An interesting article titled “Is the Evidence Supporting Dental Procedures Strong? A Survey of Cochrane Systematic Reviews in Oral Health” by Clovis Mariano Faggion Jr. appears in J Evid Base Dent Pract, vol. 12, pp. 131-134, 2012. The article sets out to explore Cochrane systematic reviews and whether or not they provide useful information for use in dentistry. The author set out to look at the quality of evidence for Cochrane systematic reviews published in dentistry. The evidence was considered inadequate when authors described weak or insufficient evidence or when no studies were selected for the review.
A total of 120 systematic reviews were looked at for 20 topics. The author did have some creative interpretation to assess the reviews. He states:
“The full text of articles was, however, scrutinized to assess the risk of bias of included primary studies; methodological issues, such as allocation concealment and blinding, were usually not reported or were performed in a part of the primary studies sample. Some can argue that using stricter criteria would probably categorize almost all systematic reviews as providers of inadequate evidence. In other words, for some reviews, the attitude when scoring evidence as adequate was optimistic.”
The author states:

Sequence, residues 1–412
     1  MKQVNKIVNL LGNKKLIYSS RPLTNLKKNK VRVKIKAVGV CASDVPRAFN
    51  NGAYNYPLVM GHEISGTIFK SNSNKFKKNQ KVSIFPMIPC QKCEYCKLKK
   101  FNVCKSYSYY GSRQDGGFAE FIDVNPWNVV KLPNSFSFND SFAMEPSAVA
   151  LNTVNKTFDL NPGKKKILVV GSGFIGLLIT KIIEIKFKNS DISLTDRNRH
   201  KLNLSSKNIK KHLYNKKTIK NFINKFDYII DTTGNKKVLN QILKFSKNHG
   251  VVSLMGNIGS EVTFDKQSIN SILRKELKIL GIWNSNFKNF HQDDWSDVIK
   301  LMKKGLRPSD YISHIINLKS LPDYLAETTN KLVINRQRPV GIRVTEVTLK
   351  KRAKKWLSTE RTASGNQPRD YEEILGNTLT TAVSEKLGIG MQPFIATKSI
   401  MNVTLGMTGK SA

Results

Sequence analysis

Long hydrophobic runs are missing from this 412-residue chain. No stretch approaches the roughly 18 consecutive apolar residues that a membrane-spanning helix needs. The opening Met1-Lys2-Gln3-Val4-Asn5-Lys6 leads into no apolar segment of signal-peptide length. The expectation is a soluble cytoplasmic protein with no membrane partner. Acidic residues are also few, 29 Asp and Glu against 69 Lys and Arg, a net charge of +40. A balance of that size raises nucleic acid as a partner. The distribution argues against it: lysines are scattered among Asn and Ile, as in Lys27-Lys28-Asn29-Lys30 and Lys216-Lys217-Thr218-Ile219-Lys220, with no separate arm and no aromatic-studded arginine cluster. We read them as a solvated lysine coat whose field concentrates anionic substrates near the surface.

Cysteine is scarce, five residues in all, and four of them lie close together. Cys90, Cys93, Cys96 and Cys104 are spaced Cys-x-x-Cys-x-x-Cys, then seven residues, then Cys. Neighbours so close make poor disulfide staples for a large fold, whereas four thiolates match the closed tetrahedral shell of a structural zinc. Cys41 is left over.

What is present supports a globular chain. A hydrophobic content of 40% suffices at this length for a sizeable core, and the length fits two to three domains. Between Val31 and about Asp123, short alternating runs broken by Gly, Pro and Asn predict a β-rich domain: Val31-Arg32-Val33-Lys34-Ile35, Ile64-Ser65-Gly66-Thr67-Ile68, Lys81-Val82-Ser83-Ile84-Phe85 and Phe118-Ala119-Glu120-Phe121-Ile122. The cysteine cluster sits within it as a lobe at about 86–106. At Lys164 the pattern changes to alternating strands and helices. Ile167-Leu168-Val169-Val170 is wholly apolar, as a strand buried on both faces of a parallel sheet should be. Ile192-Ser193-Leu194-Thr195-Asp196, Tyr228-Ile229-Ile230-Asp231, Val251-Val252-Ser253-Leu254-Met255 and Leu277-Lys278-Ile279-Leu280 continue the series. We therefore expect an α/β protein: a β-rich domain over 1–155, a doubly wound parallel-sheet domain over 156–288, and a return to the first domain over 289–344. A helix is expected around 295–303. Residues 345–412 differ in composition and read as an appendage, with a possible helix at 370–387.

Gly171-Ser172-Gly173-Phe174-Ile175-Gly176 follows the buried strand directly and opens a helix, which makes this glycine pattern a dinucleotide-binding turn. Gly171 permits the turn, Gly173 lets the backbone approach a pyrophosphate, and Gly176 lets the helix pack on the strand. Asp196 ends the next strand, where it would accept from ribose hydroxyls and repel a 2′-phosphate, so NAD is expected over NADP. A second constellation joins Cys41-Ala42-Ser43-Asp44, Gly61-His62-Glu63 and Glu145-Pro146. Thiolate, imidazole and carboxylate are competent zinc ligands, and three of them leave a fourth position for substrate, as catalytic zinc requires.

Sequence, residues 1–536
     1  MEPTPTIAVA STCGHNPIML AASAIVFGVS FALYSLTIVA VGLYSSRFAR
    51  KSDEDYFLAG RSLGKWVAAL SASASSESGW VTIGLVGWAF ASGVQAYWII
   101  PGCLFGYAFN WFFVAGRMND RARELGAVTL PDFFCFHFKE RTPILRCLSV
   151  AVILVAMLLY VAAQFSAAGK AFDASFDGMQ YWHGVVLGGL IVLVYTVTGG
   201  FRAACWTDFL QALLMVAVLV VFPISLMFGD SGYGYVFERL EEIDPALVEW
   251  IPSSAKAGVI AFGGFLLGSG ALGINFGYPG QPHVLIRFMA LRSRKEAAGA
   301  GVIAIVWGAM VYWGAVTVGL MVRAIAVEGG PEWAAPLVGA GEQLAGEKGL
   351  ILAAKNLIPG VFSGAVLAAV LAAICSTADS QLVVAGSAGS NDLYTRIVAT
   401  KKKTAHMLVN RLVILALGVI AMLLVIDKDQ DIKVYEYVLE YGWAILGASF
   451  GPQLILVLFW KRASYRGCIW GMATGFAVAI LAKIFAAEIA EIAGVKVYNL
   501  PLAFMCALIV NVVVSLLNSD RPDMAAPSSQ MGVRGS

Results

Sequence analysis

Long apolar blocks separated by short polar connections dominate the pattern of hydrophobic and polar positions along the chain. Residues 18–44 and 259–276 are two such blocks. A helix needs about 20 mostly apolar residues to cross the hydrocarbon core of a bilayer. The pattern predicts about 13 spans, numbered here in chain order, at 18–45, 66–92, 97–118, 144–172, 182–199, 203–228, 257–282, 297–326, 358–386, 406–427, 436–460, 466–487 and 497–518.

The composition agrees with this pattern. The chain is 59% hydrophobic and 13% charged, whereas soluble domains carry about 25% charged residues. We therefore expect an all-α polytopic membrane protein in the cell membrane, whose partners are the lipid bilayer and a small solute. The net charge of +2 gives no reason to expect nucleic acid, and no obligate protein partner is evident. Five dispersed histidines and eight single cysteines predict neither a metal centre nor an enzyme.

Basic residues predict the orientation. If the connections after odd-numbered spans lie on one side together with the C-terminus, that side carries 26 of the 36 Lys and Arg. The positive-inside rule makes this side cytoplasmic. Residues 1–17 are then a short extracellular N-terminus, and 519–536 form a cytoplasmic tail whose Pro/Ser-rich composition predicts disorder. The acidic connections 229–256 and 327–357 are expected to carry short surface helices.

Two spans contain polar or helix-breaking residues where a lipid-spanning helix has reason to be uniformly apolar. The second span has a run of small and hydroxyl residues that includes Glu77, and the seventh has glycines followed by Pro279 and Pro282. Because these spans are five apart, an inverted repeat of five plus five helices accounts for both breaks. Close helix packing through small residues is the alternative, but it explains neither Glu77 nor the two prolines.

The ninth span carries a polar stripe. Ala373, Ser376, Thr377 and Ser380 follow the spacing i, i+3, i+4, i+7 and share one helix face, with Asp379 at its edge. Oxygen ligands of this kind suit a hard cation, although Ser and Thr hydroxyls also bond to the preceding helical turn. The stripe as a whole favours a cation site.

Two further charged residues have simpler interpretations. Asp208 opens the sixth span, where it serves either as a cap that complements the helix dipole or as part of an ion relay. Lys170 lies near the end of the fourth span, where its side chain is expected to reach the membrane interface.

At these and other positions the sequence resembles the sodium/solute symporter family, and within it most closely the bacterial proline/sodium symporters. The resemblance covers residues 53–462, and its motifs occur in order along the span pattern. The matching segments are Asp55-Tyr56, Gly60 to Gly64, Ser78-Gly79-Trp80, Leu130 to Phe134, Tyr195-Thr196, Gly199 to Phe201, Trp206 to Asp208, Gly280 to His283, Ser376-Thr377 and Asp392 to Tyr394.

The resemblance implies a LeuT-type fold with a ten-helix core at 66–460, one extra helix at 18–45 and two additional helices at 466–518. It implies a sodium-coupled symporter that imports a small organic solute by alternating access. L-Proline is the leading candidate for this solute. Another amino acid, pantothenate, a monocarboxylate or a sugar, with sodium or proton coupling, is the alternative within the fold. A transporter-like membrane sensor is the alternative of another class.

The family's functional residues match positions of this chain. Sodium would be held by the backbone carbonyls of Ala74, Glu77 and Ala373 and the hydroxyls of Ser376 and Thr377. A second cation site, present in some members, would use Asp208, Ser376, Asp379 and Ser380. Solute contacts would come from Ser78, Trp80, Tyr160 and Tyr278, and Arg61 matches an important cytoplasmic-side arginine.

“Over the years, many Cochrane and paper-based systematic reviews have been published in the dental literature. The conclusions of this work reveal the sad reality of the lack of reliable information for clinical decision making. For most fields, it is not clear whether therapy that is widely performed throughout the world is, in fact, effective.”
The author goes on to describe how patients can’t wait around until strong and reliable evidence is found. However, he does argue for transparent decisions in regard to weak evidence and states
“The maintenance of unproved clinical treatments based only on the previous experience of the clinician with regard to effectiveness is far from acceptable.”
Clearly more efforts should be made to assess evidence and the current level of evidence should be made more transparent to patients.